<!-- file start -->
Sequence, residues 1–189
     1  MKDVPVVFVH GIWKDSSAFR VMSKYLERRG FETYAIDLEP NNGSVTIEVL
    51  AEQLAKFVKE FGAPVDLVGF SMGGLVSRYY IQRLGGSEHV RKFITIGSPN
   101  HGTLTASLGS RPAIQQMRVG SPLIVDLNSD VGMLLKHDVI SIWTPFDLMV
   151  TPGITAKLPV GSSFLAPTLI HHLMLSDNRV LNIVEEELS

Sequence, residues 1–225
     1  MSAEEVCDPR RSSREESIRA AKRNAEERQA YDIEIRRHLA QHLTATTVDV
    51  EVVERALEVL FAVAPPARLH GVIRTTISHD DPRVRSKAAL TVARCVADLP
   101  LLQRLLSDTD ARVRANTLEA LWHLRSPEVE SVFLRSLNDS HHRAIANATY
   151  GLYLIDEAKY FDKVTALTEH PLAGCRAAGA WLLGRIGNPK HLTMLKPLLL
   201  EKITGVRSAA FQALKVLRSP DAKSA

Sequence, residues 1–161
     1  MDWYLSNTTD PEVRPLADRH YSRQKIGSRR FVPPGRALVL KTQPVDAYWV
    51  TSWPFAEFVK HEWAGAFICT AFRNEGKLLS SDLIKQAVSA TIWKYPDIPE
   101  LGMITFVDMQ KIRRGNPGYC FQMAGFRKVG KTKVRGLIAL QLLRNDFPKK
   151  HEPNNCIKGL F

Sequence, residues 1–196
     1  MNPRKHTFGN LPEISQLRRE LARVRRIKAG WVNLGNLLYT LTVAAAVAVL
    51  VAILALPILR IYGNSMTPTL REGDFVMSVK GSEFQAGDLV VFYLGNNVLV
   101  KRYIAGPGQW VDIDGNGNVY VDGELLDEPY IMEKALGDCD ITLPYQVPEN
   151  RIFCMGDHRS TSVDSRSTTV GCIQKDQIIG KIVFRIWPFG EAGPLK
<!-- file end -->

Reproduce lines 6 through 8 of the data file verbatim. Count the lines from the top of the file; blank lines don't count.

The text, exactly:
Sequence, residues 1–225
     1  MSAEEVCDPR RSSREESIRA AKRNAEERQA YDIEIRRHLA QHLTATTVDV
    51  EVVERALEVL FAVAPPARLH GVIRTTISHD DPRVRSKAAL TVARCVADLP